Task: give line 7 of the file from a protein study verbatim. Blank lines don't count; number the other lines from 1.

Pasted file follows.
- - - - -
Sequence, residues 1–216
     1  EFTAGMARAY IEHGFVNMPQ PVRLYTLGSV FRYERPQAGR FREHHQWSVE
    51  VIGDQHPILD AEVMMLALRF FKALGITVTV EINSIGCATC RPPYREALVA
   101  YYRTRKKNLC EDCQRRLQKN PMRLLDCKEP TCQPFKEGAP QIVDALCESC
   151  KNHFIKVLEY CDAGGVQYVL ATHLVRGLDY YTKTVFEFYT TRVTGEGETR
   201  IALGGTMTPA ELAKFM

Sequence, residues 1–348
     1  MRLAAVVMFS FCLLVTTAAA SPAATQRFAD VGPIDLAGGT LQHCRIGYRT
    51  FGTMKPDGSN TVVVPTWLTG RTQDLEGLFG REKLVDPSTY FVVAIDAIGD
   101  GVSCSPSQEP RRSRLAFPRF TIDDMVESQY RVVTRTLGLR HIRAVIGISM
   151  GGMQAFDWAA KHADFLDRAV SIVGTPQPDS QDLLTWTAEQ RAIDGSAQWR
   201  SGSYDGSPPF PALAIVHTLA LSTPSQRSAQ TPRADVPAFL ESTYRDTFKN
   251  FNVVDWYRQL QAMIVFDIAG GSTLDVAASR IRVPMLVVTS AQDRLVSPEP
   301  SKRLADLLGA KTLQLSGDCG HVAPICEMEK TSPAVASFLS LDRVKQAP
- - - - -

Sequence, residues 1–348